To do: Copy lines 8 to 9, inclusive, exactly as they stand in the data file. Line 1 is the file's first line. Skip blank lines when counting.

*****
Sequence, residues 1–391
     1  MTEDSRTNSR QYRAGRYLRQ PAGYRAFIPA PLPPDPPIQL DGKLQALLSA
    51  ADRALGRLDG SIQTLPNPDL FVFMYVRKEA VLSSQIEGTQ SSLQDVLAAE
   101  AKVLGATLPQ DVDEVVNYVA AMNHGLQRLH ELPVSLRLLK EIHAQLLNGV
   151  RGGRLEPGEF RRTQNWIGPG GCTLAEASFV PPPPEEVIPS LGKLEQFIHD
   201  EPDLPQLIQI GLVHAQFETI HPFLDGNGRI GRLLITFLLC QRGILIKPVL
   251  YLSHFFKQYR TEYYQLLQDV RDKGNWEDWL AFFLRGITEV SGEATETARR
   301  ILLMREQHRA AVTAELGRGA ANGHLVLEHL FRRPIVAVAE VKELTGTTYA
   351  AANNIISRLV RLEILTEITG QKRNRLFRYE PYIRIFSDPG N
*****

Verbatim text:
   301  ILLMREQHRA AVTAELGRGA ANGHLVLEHL FRRPIVAVAE VKELTGTTYA
   351  AANNIISRLV RLEILTEITG QKRNRLFRYE PYIRIFSDPG N